Jaywalking and Education

At lunch today, after listening to Neil Bortz on the radio, my mom walked in to the house with a frown on her face. She had been listening to Neil Bortz on the radio, and he had replayed the following video from Jay Leno’s Jaywalking. Enjoy a little laugher….. and then scrunch your mouth in consternation at the state of the union.

As usual, when people do dumb things, fingers of righteousness automatically point to the state of the world and blame it on the state of education. “Public schools are not educating our children!” claim the grumpy.

Well, if public school is not educating the children, what is it doing? What do students do for 8 hours a day, 5 days a week? As a former public school teacher, I can surely say, the state of the union is not as depressing as it seems from this comedic travesty.

First, most of the teachers with whom I taught during my tenure as a public school teacher were incredibly bright and prepared teachers. From my slice of the system, the leaders in education are leading (despite immense odds against them, I might add) students in the right direction.

Second, the students with whom I worked were always capable, usually hard-working, sometimes mischievous, often bright, occasionally rude (as teenagers are wont to be), brilliant every now and then, frequently funny, and generally trustworthy people. BUT……

all of them saw school as a chore. Homework as a tedious part of the to-do list. They counted down the minutes to the end of each class, and then to the end of each school day.

For them, education was (for the most part) not fun. And education was definitely not relevant. To play a bit of the devil’s advocate, I ask:

Is it imperative as an adult, in every day life, that you know off-hand that Betsy Ross was the one who sewed the first American Flag?

When a policeman stops you for speeding, does he ask who led the troops across the Delaware River?

When you drive up to the bank in order to deposit a check, must you first know what Paul Revere hollered on his horse?

Is it necessary to know the 13 original colonies when cooking dinner, pumping gas, counting correct change?


Now before I receive nasty replies, please keep reading. The purpose of this questioning is not to belittle the facts of our history as a nation, or to belittle facts in general. Rather, I ask them to illustrate a point. In order to illustrate it, please allow me a little backtracking.

Belief one: The more educated a person becomes, the more a person appreciates education.

Belief two: The more appreciated education becomes, the more people seek it out.

Belief three: Eventually, in every person’s education, there arrives a tipping point, or an ah-ha moment, when originally un-wanted knowledge becomes desirable.

This may happen to the apprentice mechanic when she first understands how to take apart and put back together an engine.

This may happen to the art student who finally “sees” the composition of a Michaelangelo.

Whenever it happens, it takes a base of education to make it happen.

It is our job as educators to help the students get to that tipping point moment more quickly. The liberal arts base exposure that students receive in schools is what provides them the thinking skills and initial footing for their further forays into deeper learning.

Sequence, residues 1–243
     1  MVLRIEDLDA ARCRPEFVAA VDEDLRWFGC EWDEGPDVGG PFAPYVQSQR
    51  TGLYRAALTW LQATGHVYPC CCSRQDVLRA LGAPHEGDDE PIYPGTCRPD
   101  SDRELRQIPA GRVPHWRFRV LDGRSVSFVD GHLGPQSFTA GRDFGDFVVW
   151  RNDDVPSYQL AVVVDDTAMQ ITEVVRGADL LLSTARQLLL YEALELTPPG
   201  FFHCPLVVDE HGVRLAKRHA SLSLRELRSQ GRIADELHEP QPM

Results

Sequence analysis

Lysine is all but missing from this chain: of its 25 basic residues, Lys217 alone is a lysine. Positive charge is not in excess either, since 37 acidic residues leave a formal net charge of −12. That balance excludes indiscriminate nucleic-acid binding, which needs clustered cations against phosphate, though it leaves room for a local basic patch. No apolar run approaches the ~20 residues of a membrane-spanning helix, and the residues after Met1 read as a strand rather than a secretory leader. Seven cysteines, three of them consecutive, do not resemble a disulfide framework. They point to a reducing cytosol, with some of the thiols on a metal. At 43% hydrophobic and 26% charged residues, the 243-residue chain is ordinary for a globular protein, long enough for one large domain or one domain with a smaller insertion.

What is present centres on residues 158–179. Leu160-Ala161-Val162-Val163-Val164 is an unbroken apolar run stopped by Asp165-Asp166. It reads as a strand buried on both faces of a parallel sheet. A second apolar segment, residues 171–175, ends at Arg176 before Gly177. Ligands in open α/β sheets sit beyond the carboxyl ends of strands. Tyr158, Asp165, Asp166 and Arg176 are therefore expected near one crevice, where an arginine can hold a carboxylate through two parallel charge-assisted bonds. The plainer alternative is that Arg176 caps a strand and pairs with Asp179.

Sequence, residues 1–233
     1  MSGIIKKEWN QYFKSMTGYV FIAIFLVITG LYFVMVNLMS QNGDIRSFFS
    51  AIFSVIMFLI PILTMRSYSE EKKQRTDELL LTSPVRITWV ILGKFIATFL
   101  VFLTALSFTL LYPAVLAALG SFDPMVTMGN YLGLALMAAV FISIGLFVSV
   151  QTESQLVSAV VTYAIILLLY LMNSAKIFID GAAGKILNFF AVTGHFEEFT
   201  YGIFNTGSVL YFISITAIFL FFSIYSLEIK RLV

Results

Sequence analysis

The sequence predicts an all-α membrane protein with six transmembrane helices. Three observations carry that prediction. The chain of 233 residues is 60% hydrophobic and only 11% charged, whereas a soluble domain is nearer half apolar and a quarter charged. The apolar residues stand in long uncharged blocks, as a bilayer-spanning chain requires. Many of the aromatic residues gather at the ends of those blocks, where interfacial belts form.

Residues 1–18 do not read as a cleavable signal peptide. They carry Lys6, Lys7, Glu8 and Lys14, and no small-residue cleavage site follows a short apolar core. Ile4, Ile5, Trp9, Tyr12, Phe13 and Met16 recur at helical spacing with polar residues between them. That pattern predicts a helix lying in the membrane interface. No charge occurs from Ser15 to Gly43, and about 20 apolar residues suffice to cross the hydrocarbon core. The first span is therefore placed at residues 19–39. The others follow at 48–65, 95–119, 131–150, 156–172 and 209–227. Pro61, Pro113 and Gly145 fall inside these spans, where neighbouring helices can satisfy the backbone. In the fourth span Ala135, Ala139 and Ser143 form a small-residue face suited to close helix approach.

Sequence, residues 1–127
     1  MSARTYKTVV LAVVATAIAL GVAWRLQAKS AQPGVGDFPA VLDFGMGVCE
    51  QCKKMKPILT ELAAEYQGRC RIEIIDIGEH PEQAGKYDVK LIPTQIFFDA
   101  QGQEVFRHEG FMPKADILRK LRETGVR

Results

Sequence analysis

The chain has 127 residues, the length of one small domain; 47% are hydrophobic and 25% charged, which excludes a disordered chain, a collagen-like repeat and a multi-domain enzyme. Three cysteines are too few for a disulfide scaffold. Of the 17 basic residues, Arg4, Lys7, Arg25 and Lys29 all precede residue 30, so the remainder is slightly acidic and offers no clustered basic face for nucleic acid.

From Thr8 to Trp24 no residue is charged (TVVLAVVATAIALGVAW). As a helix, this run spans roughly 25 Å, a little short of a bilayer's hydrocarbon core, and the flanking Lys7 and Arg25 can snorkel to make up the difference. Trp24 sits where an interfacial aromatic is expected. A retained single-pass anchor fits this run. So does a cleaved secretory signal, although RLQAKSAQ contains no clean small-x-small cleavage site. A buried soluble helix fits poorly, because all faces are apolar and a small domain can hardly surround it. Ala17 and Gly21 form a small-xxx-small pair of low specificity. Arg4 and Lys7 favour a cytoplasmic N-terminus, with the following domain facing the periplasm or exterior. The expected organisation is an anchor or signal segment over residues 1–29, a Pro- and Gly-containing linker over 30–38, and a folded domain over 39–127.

Some educators look at the 21st century as a time to move away from facts. After all, can’t they look up the answers to those questions on their iPhones in ten seconds flat?

Well. yes. BUT, if we get rid of the necessity of learning knowledge or facts, we have gotten rid of a huge piece of education. On Bloom’s Taxonomy cognitive process, knowledge is THERE. It is not insignificant. Facts are a piece of a larger puzzle. We must encourage students to pursue knowledge but also pursue creation and synthesis of that knowledge. We must allow them to DO something with their knowledge, so that they can reach that tipping point where they realize that knowledge can be relevant.

As an administrator, learner, and educator, and friend, Bo, recently wrote to me: “For me, it’s not social learning OR individual learning, it’s not great books OR the Internet…We are thinking individually and socially. The point to me is that we are choosing to participate. For me, this the the crux of 21st c. Education – students, LEARNERS, should want and be encouraged to participate…not just sit and get on most days. ”
I’ve said it once, and I’ll say it again, I know I’m not doing enough as a teacher when students ask me, “why do we have to learn this?” It is my job to open doors for them that they WANT to step though. Students should not HAVE to learn anything; they should WANT to learn everything. That way, when Jay Leno walks up to a student of mine, hopefully he or she will chirp happily, “Betsy Ross” or “General Washington” or “13 colonies!” to his independence day questions, because that learner will have already tipped into the mindset that ALL education is worth while because every piece of the puzzle that we KNOW can help us to DO life better.

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1 Response to Jaywalking and Education

  1. Sydney Bullock says:

    So true!! Character building and confidence are integral parts of the whole child. Risk-taking, creating, growing, DOing life…our goal is to instill a LOVE of all this.

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